Sacramento City College

Philosophy 320

Logic and Critical Reasoning - Student Information Sheet
Satisfies General Ed AA/AS Areas C, D2;
CSU General Ed Area A3
Transferable CSU and UC

Spring 2007

Dr. Robert T. Carroll

Course description

The goal of the course is to improve your capability as a logical and critical thinker. You will learn what logic and critical thinking are, and how to apply critical thinking skills to your college studies and to your everyday life. Special emphasis is placed upon recognizing and overcoming hindrances to critical thinking and upon recognizing misleading, fallacious or irrational appeals that attempt to manipulate our beliefs and actions.


Becoming a Critical Thinker - A Guide for the New Millennium, second edition (Pearson 2005) by Robert T. Carroll is the required text. The Student Success Guide by Robert T. Carroll is recommended, but not required, for those who want to improve their study & writing skills. For supplemental reading, The Skeptic’s Dictionary by Robert Todd Carroll is also available from most bookstores.

Corrections of errors in the text may be found at:

Course outline

1. Critical Thinking

2. Language and Critical Thinking

3. Sources

4. Identifying Arguments

5. Evaluating Arguments

6. Evaluating Extended Arguments

7. Sampling and analogical reasoning

8. Causal Reasoning

9. Science and Pseudoscience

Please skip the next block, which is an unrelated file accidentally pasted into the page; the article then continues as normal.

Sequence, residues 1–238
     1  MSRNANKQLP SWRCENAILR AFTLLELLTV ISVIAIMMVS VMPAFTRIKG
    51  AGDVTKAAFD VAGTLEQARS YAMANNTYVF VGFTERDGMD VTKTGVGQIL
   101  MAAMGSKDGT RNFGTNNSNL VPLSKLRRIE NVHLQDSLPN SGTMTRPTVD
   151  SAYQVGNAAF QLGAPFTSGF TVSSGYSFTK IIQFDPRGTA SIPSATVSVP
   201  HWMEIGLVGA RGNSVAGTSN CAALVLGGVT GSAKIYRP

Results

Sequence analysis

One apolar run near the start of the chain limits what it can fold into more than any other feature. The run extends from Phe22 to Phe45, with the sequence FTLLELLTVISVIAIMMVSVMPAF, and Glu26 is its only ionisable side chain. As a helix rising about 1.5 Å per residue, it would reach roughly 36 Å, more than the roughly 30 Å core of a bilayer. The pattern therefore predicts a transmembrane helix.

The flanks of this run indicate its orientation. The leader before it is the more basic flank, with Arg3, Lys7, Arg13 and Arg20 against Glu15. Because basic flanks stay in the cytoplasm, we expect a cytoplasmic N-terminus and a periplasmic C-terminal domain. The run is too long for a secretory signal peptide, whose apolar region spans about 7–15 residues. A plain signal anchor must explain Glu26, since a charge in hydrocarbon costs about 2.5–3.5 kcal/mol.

Course requirements and grading

There will be eight exams [one on each chapter except ch. 6, "Evaluating Extended Arguments"] worth 50 points each. All exams will be true/false, multiple choice exams, for which you will need a Scantron 882 answer sheet and a #2 pencil with eraser (available at the College Store). The chapter 9 exam on pseudoscience will be given during the final exam period. Make up exams will be given only for good reasons such as illness or deaths in the family; they will be given during the final exam period after the chapter 9 exam. The following do not constitute good reasons for missing an exam: I haven't had time to study; I'm not prepared; I've scheduled this vacation months ago; my car was broken into last night. It may be possible to take an exam early, or with another section. Discuss any scheduling problems with me prior to the exam.

There will be frequent homework assignments, each worth 5 or 10 points. Although 150 points worth of homework will be assigned, a maximum of 100 homework points may be applied to the course grade. Homework must be turned in when due; no late homework will be accepted. Please label all homework (e.g., exercise 3-1).

The course grade is based on exam scores and homework, with exam scores counting about 80% of the grade. A: 450-500; B: 400-449; C: 350-399; D: 300-349; F: 0-299. Borderline grades will be decided by attendance and participation in the course. A borderline grade is defined as being within one percent of the next higher grade.

Final Exam

The final exam will be a test on chapter nine. After the final exam, make-up exams will be taken.

Attendance Policy